I think you would find it helpful to contact the Carers UK Adviceline for a benefits check for both yourself and your Uncle. They can check that you are both claiming for any benefits you are entitled to -
Need expert advice? You can talk to the Carers UK Adviceline five days a week, no matter where you are in the UK or how complex your query is. We do benefits checks and advise on financial and practical matters related to caring.

0808 808 7777
Open Monday to Friday, 10am to 4pm
It's usually better to email them as the telephone lines are frequently oversubscribed !

You should also contact your local Social Services Department and ask for a 'needs' assessment for your Uncle and a Carer's assessment for yourself. They will be able to provide information about what support and services are available to both of you in your area. Some services may carry a charge but how much will depend on how much your Uncle has in savings (his money, NOT yours !).
If your uncle is terminally ill, he should be eligible for palliative care, at least for a few months. I know it can be difficult - I agree with Jenny that you shouldn't be out of pocket with looking after someone. Have you contacted his GP to find out what you can both get in benefits?
Thank you so much for your replies.
My uncle hasn't been given a prognosis yet, that will be on Tuesday when we get the results of the broncoscopy and bloods. We were shown his CT scan he has a tumour of just over 5cm on his left lung behind the heart. Was no initial signs that it had spread.
He also is Asmatic but it's Been well controlled for may years but he was retired from the merchant macy due to this .
He is 80 on Friday.

He owns his own one bed flat it's clean and tidy but lacks heating ( it's an old terrace house split in 2) it's deprived area so I can't imagine its value will be very high. He does have savings and money in bonds etc, so while not a wealthy man he has assests in excess of the amount mentioned.

I rent my house from a private landlord, I am pretty sure the other family members won't be interested but you can never be completely sure, but he has said once he knows his prognosis he will make his will and does not want anyone else to know until he has his affairs in order.
The most practical solution would be he comes to stay with me and he would consider this, if I had to go back to work my grown up children could come and see him on assist basis
I have a modern 3 bed house with heating washing machine ( he doesn't have one and I do his laundry and take it back on my next visit.
The problem with this would be that it's a different council and Heath authority and not idea what impact that would have.
I guess once we have the prognosis then we can start to build up a plan. Sorry if this is a bit all over the place.
I really appreciate the info given as there are things I had not even thought about. But both the GP And the consultants manner when talking about the condition was one of concern rather than well things can be done, I feel it's their way of get us to accept the condition and be ready to prepare for the difficult time ahead.
I suggest that you try and work out the pros and cons of the situation, before making any commitments.

Firstly, what do you know about caring for people who are dying? It's not an easy job, and incontinence may well be an issue, caring 24/7, maybe nursing someone who is bedbound?
If you don't want to do this, then you will either need someone to help you, or uncle will need a nursing home bed at some stage.

This is the most important question of all. It's really, really tough, even when there are family members taking turns.

Only once you've decided the answer to this, can you move onto the financial matters affecting you both.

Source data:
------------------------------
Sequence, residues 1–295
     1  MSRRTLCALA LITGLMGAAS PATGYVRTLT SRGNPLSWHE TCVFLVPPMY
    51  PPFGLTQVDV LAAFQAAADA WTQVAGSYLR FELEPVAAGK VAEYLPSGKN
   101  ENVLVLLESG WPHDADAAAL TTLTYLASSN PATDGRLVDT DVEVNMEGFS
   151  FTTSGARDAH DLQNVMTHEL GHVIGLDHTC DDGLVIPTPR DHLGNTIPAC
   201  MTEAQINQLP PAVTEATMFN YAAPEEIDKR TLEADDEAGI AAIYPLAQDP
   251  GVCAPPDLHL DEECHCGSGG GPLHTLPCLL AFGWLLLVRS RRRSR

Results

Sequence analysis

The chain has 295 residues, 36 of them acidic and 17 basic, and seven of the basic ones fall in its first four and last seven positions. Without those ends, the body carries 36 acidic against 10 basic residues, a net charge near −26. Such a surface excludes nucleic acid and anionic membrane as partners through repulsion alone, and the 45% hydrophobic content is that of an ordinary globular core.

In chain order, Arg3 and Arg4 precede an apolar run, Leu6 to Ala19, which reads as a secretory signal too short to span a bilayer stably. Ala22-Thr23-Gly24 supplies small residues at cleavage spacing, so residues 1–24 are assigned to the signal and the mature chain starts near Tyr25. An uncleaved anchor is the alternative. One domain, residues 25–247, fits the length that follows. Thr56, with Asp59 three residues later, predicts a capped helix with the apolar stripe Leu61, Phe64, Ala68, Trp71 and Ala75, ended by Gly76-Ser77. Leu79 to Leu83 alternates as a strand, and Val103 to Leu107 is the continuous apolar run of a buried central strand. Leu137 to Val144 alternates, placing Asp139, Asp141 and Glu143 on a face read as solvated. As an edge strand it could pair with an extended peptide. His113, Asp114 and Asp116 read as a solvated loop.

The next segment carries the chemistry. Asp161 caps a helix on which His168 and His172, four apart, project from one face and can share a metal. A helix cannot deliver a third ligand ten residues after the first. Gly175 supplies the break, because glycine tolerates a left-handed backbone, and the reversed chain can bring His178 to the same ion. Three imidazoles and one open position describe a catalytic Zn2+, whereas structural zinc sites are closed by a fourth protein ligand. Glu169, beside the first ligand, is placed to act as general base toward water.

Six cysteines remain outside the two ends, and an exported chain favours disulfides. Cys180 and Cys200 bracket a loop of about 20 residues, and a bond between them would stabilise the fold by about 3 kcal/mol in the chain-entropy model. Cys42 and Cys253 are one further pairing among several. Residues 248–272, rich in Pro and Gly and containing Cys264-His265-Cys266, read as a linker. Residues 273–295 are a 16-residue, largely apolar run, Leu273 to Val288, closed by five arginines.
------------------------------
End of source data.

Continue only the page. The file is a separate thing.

Uncle needs to have a will and a Power of Attorney in place. Don't agree to anything until this has been done. There can be endless arguments about money, even when the situation is clear.
Thank you for your reply.

I worked in care homes for a few years about 15 years ago and I also helped nurse my father in law who also had lung cancer he was adamant at the end that he did not want to die in hospital, so I arranged for everything to be in place so his wishes could be met. From being diagnosed to passing away it was one year, and apart from when he had chemo he was home until the last couple of week when he had a down turn, when took in hospital they told him he had a week at most, so he was very clear he wanted to go home to die, it was difficult but with he help of the nurses from local hospice we coped. Also was with my mum at the end who also had a lung disease so I am aware of what it's going to be like but also aware not all cases are the same.
It will be me and my children the rest of the family didn't maintain a connection with him after mum passed and I know them well enough that they are not in the slightest bit interested in anything he may have. I guess we go tuesday see what consultant says and take it from there. I just want to make his time comfortable and for him to know he is loved and cared for.
That's good, you are clearly in a position to do what is required.

So next question to be considered, is the money side of things. Does he have savings over £23,000? If the answer to this is "Yes" then Social Services won't help until they fall below this level. So make sure he pays you for the care you give. He is also allowed to spend money over the £23,000 on essential things without the SSD financial assessors raising the subject of "Deprivation of Capital". Are you aware of NHS Continuing Healthcare?
It was very easy when the father in law passed, he lived in local authority housing and his savings were under the threshold so that saved us a lot of stress. My dad is still living so again nothing for me to deal with there.
My uncles property I would guess is worth around 25 thousand then he has money in savings a pensioner bond that I helped him sort out a couple of years ago and another saving plan he mentioned the other day but I have no idea what that amount is, but can confirm he's over the threshold.
He was talking about getting it spent and enjoying what he can while he can, but would be be able to do this with a terminal prognosis? Or would they freeze his money to pay for care? I really don't have any idea or him for that matter how any of this works.
If he needs care in his own home, the value of the home won't be taken into consideration when Social Services are doing an assessment. It's only considered should he need residential care. Moving at this stage could be a nightmare, and if he released his capital then he'd just have to spend it on his care anyhow.
He really needs to gather all his financial information together in one place now, and work out exactly what he has - SSD will need it at some stage anyhow, if they are asked to provide help and support.
Consider sharing the care with SSD, as you have family of your own, and can't work 24/7.